An interesting process that creates a very useful hole in metals is friction drilling or flow drilling. Rather than using a fluted drill bit to cut a hole, friction drilling uses a conical bit coated made of a high heat-resistant material from the ceramic family to form the hole.
In this process the bit is pressed into the target body as it rotates and the friction created heats the material to soften it. The tool then pushes into the material forming a hole without any material being removed. This gives the hole significantly more depth and wall thickness than a hole that is made with a cutting type drill. The formed hole can then have a screw thread cut with a tap and the section and depth of the hole will provide good mechanical characteristics for subsequent fastening without the ned for an additional component such as a bushing.
Metal injection molding is part of the powder metallurgy set of manufacturing processes. GKN Group take us on a journey through their complete metal injection molding process in this video.
The fundamental steps involved in GKN’s metal injection molding process as shown include;
- Combination of the base powder with alloying elements;
- Kneading the metal powder alloy with polymers and wax to make the injection molding feed stock;
- Injection molding the feedstock to make a ‘green part’;
- Thermal debinding where most of the polymers and wax are removed to make a ‘brown part’; and
- High temperature sintering to bind the metal particles together.
The video also shows examples of one and two cavity tools and the operation of a tool with a hydraulic slide to relieve an undercut in the part.
Using investment casting to make hammers from Titanium.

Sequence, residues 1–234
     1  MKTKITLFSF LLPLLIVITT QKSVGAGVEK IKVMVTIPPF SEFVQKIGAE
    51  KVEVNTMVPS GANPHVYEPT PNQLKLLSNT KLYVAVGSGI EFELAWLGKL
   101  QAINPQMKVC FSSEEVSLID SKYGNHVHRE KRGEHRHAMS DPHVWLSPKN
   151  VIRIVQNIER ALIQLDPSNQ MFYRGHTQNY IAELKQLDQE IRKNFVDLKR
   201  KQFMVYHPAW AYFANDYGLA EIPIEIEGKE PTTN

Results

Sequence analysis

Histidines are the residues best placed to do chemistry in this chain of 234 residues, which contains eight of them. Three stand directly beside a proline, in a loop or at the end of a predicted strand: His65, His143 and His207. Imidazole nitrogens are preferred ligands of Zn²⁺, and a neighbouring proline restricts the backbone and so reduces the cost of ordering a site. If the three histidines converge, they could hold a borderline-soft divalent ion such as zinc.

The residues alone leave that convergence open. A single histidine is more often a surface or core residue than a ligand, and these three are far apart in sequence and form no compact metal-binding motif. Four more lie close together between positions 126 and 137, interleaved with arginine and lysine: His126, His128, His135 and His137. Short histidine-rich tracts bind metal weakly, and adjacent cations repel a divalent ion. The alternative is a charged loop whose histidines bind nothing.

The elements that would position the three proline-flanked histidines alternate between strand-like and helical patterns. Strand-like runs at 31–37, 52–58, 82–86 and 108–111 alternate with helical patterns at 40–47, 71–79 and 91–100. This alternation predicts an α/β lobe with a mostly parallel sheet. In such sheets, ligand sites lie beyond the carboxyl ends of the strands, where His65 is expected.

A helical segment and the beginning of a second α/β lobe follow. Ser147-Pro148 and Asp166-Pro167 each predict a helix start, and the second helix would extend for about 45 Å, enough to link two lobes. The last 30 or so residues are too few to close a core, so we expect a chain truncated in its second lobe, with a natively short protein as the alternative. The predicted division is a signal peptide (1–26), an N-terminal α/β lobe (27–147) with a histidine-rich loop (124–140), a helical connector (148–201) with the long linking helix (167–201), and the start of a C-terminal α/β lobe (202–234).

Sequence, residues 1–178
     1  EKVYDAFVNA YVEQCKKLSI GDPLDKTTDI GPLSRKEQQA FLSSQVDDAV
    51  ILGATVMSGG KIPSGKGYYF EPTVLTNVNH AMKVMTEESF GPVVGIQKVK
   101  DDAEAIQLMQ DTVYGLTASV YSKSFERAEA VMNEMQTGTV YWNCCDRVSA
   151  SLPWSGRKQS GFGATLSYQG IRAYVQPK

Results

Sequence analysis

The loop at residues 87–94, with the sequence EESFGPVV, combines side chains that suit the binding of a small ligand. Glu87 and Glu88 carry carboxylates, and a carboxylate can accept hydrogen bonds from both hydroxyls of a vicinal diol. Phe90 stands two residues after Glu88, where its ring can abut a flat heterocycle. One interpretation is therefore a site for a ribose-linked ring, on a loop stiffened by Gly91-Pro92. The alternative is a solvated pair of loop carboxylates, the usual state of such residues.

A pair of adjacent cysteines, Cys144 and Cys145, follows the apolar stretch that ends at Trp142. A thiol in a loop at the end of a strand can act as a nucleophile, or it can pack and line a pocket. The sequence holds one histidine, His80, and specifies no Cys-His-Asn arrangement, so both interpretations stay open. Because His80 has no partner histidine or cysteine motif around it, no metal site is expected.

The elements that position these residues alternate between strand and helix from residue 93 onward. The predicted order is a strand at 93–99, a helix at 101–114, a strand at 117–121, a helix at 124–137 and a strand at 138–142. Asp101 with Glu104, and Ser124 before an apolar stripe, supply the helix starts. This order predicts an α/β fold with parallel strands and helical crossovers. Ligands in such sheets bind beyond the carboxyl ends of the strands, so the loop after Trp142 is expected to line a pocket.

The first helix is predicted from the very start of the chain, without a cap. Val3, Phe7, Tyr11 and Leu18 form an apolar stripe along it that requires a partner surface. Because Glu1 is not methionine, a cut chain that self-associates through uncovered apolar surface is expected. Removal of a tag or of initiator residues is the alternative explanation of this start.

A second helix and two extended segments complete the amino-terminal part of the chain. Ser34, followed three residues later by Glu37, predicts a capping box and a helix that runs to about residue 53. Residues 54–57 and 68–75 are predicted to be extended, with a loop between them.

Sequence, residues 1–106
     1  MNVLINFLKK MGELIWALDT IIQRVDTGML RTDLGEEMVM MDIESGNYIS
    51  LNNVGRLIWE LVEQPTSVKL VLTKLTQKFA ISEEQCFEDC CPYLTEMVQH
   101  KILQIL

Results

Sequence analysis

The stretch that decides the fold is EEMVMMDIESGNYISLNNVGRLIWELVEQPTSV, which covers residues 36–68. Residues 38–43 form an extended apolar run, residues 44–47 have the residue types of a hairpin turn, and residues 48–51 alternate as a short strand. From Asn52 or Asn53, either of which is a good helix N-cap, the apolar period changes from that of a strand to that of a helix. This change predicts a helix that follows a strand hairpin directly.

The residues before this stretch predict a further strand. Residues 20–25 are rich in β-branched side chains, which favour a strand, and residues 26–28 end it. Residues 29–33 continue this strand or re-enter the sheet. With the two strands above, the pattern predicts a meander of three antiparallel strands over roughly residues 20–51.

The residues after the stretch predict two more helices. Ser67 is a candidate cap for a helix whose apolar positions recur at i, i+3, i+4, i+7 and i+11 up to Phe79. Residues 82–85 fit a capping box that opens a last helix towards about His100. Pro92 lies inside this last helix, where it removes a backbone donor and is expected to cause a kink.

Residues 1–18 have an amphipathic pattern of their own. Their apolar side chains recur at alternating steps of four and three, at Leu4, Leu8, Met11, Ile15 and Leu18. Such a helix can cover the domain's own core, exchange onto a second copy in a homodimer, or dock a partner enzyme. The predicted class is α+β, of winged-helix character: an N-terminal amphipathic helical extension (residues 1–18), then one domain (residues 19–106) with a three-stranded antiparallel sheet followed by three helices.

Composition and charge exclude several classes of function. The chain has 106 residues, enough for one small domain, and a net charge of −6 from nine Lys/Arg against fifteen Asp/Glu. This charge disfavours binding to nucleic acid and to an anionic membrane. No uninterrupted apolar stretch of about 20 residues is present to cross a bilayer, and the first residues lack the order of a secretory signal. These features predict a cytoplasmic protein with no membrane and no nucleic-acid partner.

I love to see what is really happening at the interface of a cutting tool and there is no better way to see it that slowing down a high-speed video. Ingersoll Cutting Tools have once again made a high-speed video of one of their tools in action. This one is their Quad Drill+ cutting a half hole in 1018 mild steel. Look at those chips fly!
Here is a short video from the Society of Manufacturing Engineers that takes us through the hydroforming process for both tubular and sheet products.
A quick video of some CNC lathe operations to make an egg shape in 6061 aluminium.
Watching a multi function machining centre do its work can be mesmerising. Here is 8 minutes and 40 seconds of chips and swarf flying courtesy of Machined Component Systems. A series of lathe and milling operations are show on what I am guessing is mild steel. It was nice of them to turn off the machining fluid for us to see the operations taking place in detail, but judging by the glowing swarf and sparks in some sections I think they may have shortened their tool life a little.
Stratasys shares how Rutland Plastics utilises Polyjet 3D printers to make jigs and fixtures for their operation in this video. According to Rutland Plastics’ engineer Simon Grainger, by manufacturing their jigs and fixtures using a Stratsys Objet350 Connex 3D printer they save time and money when compared with the alternative of machining them from wood, metal or plastic. It also ensures their toolroom resources are focused on the high value tasks of around their core business of making injection molding tools.
The jigs and fixtures can be printed with soft touch materials to ensure parts with high surface quality requirements are not scratched or marred. Markings can also be robustly embedded as part of the 3D printing process rather than using alternative methods such as engraving or labelling.
Carl Sommer takes us through a progressive die operation and discusses some single station press operations in part 2 of his Introduction To Tool And Die Making.
Carl Sommer shares some of his knowledge on tool and die making. He talks mainly around progressive die operations in this video.